Salt transport in cheese can be simply described by Ficks second law, but many cheese and brine properties can affect the process. When several solutes diffuse simultaneously, Ficks second generalized law can be assumed (Onsager, 1945; Cussler, 1976), and in this case, in addition to the self-diffusion coefficient, cross diffusion coefficients are included to take into account the influence of a solute on the flow of the other one. Generally, for highly dissociable solutes the cross terms are smaller than the main ones (Gerla and Rubiolo, 2003). It seems to be well established that an appropriate salt concentration and its uniform distribution are important factors in cheese ripening (Guinne and Fox, 1984). Consequently, models that estimate saline concentrations as a result of processing could be useful when more than one component is considered in the salting.

Nowadays with the development of high-performance computers, it is possible to simulate a process close to reality using numerical techniques such as the finite element method, or FEM (Puri and Anantheswaran, 1993; Wang and Sun, 2003). Mass and heat transfer and solid and fluid mechanics are among the typical applications of this method (Bickford, 1990). According to Puri and Anantheswaran (1993), the main advantages of FEM are as follow: the spatial variation in material properties can be easily manipulated, irregular regions can be modeled with great precision, it is the best for nonlinear problems, the dimensions of the elements can be easily altered, the spatial interpretation is very realistic, and problems with the most diverse boundary conditions can be easily studied. However, the reliability of the solution obtained using FEM is directly related to the discretization of the model (Lyra, 1993). Silva et al. (1999) showed that due to the order of magnitude of the diffusion coefficient in cheese salting, the oscillation in the results could be dampened (Britz et al., 2002), optimizing the spatial and temporal discretization (Bona, 2004). This method has been applied successfully in simulating NaCl diffusion in cheese using Ficks second law as the theoretical support for this phenomenon (Silva et al., 1998, 1999) and in simulating simultaneous NaCl and KCl diffusion in static brine (Bona, 2004).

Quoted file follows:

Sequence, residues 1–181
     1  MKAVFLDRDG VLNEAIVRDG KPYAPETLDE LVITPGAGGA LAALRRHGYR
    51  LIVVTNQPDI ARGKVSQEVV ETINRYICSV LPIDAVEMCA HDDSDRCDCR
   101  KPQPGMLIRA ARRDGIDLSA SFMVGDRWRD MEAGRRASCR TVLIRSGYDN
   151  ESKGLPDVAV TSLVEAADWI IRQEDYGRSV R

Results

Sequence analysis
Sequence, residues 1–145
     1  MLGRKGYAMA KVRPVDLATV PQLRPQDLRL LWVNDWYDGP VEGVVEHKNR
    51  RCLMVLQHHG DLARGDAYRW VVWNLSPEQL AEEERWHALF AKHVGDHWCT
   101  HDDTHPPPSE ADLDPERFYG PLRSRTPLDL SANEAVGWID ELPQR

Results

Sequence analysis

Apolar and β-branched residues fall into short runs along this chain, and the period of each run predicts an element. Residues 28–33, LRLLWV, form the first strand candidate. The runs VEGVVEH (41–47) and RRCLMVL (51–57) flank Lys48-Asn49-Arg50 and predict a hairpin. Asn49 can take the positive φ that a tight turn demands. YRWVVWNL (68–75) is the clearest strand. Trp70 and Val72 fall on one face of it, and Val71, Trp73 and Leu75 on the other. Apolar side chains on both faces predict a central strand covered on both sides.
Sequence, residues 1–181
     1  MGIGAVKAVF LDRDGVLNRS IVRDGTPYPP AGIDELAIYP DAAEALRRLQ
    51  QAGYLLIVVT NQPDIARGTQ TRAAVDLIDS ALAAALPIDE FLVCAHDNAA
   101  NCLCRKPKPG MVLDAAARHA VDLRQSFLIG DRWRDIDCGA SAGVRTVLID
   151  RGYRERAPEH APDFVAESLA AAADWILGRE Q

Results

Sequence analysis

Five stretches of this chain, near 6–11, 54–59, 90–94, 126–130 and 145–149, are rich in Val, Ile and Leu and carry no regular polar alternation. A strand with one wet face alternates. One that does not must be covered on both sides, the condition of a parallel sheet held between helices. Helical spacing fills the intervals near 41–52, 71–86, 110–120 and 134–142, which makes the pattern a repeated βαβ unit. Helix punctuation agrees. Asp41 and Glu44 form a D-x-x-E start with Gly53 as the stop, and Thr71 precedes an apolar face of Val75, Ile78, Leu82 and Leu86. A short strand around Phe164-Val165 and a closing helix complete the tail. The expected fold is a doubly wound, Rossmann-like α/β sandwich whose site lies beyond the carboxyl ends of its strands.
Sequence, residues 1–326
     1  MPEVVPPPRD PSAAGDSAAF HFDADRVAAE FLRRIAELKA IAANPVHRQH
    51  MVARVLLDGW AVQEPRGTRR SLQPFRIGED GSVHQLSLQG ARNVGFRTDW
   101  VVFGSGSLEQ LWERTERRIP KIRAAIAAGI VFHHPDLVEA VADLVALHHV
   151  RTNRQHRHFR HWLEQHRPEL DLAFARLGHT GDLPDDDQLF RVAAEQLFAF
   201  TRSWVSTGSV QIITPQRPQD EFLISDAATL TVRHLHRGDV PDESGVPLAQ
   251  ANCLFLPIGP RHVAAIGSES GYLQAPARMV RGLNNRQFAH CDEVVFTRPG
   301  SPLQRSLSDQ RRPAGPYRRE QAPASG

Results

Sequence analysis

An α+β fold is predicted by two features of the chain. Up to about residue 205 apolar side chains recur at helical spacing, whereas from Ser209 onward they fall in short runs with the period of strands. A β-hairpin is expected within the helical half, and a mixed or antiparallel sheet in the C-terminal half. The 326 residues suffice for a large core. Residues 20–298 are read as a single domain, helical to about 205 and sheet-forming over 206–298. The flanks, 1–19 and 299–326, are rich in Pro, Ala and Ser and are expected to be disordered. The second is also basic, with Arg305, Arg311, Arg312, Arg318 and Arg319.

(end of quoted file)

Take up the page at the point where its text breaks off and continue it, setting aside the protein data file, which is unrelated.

The objective of this study was to present an analysis of multicomponent mass transfer during salting with agitation for the NaCl-KCl-water system in Prato cheese using FEM.

**MATERIAL AND METHODS**

**Salting**

A piece of cheese measuring 24cm × 12cm × 9cm (Queijo Prato Lanche DI CARLO from Campina Alta dairy plant, located in Manoel Ribas – PR, Brazil) was used for the study. After pressing, the cheese was taken to the laboratory in the same mold where the curd had been pressed. The cheese was stored under refrigeration (10±1ºC) for approximately 12 hours before the experimental procedure. After this period it was removed from the mold and cut into smaller pieces (4cm × 9cm × 12cm) for the salting process. One of these samples was used to determine the fat, moisture, and initial sodium and potassium concentrations.